Jacksdale & Westwood - Part 01 - Wharf Green
w/e 11 July 2010
All this week's pictures were taken
with a Kodak DX6490
Jacksdale and Westwood are two inter-linked villages
in the Ashfield District of Nottinghamshire but lie alongside
the River Erewash right on the border with Derbyshire. They are
former mining villages typical of the area and like so many others,
on first appearance, have struggled to recover from the closing
of the pits. For this series I am again using a leaflet picked
up somewhere (I don't remember where) that includes a number
of maps with a numbered list of of sites within the villages.
Little information is given about each of the sites so this will
be as much of mission of discovery for me as it is for you. We
both have the benefit though of the Jacksdale & Westwood Community web site
which soon dispels those first impressions and shows that although
the major source of employment has disappeared, the community
spirit is as strong as ever.
We arrived in Jacksdale along Main Road
which is shown on the leaflet as being the main shopping centre
with numerous small retail businesses essential for village life
plus a Post Office, a dentist and a doctor. We parked on the
free car park at the Community Centre (left) - evidence again
of a close-knit community - and took a footpath (right) to the
area marked as Wharf Green.
An arched structure over the path leaves the visitor in no doubt
about the area which was once part of an industrialised landscape
that featured a canal basin with a railway station, viaduct and
a row of cottages built in 1812 by the Butterley Company. The
cottages, the first row of terraced houses in Jacksdale, were
demolished in 1968, the wharf being filled in sometime during
the 1950s but the area now developed as Wharf Green took shape
during 2004 and 2005.
Local schoolchildren were involved in designing the area along
with the professionals and some also worked with sculptor Andrew
Frost to create several wooden animals including a giant ant.
This path from Wharf Green leads to a footbridge over the River
Erewash and I found a note on a map in the leaflet saying "Footpath
into Derbyshire" quite amusing as the bold type seemed to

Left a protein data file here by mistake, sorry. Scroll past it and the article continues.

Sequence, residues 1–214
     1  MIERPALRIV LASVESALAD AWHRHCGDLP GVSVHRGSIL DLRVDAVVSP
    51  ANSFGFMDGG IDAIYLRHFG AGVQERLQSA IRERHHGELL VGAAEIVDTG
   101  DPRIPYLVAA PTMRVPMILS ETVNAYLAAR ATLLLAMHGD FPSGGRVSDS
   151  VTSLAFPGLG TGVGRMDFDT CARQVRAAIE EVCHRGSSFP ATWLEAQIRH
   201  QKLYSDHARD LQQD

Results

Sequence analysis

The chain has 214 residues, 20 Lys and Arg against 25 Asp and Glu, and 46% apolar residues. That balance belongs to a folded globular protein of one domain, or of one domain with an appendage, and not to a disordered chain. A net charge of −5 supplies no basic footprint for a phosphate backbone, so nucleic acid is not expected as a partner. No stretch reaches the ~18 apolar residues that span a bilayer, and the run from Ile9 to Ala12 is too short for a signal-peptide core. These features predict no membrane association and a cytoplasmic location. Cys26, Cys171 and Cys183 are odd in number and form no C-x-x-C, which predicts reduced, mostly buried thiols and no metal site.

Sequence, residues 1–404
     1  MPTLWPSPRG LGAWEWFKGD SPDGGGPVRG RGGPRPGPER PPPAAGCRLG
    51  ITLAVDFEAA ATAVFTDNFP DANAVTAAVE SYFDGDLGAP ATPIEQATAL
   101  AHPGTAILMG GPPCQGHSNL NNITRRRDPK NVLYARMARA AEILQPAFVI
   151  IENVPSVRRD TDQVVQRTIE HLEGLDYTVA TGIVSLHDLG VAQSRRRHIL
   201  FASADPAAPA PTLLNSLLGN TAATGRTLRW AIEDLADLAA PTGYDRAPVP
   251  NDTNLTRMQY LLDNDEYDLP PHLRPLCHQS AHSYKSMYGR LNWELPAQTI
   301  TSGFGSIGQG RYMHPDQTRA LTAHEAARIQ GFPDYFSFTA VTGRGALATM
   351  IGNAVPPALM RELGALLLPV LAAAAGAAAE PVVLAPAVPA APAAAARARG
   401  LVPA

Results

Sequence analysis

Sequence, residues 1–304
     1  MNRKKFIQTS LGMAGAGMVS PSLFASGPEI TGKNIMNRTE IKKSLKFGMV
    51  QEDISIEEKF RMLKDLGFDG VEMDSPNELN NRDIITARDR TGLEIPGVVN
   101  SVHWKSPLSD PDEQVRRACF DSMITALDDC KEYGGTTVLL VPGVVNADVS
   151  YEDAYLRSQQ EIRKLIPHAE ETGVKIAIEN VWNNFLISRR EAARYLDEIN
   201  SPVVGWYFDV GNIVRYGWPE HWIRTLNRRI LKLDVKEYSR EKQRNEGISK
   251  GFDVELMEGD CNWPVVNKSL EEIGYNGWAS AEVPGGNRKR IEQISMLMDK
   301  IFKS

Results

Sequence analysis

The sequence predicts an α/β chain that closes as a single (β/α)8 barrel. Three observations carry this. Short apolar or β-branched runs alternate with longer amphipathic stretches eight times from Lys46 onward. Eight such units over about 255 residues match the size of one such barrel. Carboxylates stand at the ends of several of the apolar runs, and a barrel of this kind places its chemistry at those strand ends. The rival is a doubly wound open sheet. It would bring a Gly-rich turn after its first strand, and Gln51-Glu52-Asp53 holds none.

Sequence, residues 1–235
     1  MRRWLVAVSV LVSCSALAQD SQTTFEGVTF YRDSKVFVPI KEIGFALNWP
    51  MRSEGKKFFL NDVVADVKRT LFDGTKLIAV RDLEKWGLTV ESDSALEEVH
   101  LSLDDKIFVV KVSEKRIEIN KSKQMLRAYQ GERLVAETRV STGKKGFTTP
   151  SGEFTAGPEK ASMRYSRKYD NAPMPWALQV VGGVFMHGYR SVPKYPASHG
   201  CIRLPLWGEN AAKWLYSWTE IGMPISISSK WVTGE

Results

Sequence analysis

indicate it would be a journey into the world outside and the
A corner of the area has been given over to a couple of paddocks
where ponies and goats live side by side.
Another feature of the design is a skate park and although deserted
whilst we were there, it appears to be well used. This path by
the skate park continues to the trees at the southern end of
the site which is where the Jacksdale Nature Reserve has been
The path continues through the trees but an occasional gap offers
views across the River Erewash and the disused Cromford Canal
into that "great unknown" of Derbyshire beyond.
The Nature Reserve
is bounded by trees and bushes but the majority in the centre
is given over to grassland (left) created on the site of an old
domestic refuse tip in 1974. The grassland has a lot of moisture-loving
plants as it tends to become waterlogged during the winter months
but at this time of year it is inhabited by several species of
butterfly. They were flitting around us all the while we were
in the Nature Reserve but proved extremely difficult to photograph
and despite all attempts I only managed to capture the grasses
and wild flowers (above) upon which they were feeding. Species
of butterfly commonly seen
are meadow brown, common blue, comma, small tortoiseshell and
peacock plus the burnet moth.
It is not unusual to see kestrels and skylarks overhead and a
flash of colour near the river could well be a kingfisher. But
pressing on the path out of the Nature Reserve (right) led us
back to the recreation ground on Wharf Green, past the toddler's
play area and back to the Community Hall car park. It is from
there that we will resume in Part 02.